Tommy Maynard will also continue to be a contributing writer to PowerShell.org.
Finally, these are the people who are legally accountable for the organization. As I’ve mentioned, I’ll remain as President for some time as we work through the legal paperwork. Also, for the first time, we’ll have a paid CEO. As the organization launches new events (Automation + DevOps Summit 2020 in Nashville, new Automation Saturday events, and more), this is just a full-time job, and having someone in that role gives the organization both flexibility and stability.
James Petty will be that CEO, also formally serving as Vice-President and Treasurer. I anticipate James formally stepping into the President role in the future, and we’ll need to replace both the Vice-President and Treasurer roles to make that happen. Those will remain volunteer, with the Treasurer’s primary job being interfacing with our professional accounting firm.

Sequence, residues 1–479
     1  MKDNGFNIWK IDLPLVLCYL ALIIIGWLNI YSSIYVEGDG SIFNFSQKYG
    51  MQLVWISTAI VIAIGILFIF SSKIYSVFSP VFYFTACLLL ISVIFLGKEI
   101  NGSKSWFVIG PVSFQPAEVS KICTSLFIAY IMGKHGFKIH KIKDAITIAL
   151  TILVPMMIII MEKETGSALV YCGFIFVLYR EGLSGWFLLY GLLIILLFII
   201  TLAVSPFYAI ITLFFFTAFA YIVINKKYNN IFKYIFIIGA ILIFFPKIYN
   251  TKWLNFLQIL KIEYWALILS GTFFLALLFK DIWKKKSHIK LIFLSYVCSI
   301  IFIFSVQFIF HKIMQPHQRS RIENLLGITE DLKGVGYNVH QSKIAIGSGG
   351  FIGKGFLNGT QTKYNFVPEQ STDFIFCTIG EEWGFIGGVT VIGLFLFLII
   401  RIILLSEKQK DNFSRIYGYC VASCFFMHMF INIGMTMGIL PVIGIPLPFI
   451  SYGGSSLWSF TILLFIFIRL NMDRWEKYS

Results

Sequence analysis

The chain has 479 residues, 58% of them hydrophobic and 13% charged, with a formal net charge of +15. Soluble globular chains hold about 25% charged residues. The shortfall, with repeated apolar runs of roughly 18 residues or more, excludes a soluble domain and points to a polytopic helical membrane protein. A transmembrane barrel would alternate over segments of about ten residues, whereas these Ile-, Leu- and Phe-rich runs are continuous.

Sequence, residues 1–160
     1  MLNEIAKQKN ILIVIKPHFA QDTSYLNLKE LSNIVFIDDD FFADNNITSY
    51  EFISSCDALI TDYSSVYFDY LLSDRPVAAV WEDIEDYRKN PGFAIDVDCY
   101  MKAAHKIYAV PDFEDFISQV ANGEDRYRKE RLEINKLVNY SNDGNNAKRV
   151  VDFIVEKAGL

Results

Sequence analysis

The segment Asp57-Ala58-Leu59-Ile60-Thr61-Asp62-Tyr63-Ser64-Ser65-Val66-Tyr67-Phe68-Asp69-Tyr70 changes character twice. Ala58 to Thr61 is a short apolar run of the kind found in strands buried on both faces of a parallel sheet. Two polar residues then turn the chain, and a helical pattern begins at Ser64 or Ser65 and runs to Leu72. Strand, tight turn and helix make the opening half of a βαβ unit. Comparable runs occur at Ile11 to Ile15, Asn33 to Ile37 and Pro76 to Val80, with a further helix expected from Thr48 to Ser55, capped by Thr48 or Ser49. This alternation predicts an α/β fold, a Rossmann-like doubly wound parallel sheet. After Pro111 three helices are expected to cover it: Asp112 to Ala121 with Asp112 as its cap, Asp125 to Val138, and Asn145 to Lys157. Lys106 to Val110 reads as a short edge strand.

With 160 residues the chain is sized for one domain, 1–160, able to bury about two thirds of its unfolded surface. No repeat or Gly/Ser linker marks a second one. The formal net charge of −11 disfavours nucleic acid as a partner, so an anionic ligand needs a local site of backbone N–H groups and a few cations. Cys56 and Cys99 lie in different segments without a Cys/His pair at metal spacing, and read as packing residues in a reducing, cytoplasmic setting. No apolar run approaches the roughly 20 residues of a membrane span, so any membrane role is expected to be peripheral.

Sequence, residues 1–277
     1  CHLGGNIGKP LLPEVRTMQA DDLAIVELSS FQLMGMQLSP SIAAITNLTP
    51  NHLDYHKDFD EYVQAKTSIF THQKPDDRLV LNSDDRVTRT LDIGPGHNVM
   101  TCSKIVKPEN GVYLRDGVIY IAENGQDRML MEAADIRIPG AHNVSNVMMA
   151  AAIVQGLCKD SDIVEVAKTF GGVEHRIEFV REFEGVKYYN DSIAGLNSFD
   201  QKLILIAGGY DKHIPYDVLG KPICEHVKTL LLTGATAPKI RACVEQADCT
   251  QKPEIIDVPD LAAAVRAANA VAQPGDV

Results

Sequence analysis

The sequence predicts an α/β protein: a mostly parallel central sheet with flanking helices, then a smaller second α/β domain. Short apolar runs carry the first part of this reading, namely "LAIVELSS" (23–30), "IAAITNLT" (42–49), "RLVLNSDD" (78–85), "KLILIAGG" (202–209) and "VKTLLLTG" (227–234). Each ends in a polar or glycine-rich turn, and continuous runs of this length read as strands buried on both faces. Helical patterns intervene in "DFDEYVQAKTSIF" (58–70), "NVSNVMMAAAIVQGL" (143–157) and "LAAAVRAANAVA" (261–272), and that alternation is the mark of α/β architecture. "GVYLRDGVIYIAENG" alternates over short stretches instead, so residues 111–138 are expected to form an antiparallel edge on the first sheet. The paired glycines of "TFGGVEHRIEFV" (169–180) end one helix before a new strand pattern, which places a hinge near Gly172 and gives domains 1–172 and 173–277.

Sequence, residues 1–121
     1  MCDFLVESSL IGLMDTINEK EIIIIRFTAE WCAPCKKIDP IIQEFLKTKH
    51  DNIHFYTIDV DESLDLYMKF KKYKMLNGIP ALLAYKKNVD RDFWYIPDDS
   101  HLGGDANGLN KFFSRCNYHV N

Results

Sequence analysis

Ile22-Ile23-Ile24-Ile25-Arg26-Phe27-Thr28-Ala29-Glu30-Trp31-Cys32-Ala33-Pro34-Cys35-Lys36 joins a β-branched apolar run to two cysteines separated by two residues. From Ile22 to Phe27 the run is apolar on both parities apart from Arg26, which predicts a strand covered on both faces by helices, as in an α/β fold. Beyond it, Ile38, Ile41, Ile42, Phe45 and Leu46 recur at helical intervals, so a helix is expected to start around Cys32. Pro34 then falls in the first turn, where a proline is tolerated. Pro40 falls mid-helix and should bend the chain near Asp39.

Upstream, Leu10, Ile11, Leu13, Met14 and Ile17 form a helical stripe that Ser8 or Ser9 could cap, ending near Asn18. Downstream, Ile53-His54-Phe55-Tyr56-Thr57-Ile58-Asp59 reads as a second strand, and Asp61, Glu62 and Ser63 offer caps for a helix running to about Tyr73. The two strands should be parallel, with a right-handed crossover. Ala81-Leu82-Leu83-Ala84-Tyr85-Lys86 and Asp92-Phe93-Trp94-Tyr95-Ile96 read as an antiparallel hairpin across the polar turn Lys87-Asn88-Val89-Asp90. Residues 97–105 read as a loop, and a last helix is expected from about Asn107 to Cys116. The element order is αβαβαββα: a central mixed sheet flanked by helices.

Warren Frame will step in as Secretary, our fourth legally mandated corporate officer (Nevada permits the Vice-President to hold a dual role, which is what James will do for now).
So That’s All, Folks
So that’s the new team. I strongly encourage you to connect with them on Twitter and GitHub, and lend them your help whenever you can.
In closing, I just want to tell you what an awesome, amazing, kind, supportive group of people you all are. I’ve been doing the PowerShell ‘thang’ for 13+ years, and my career as an IT Ops guy goes back to the mid-1990s. For much of that time, you’ve supported me by buying books, coming to conferences, signing up for classes, and (and this really is the bit that helped) just telling me “thank you.” Well, thank you, because it’s been amazing. I’m looking forward to the next chapter in my career, and I hope I’ll still run into some of you from time to time. If they ask, I’ll definitely come up with a session for Summit, if for no other reason than so Chris and I can come hang out with you and all of our other friends for a day or two.
Again, thank you.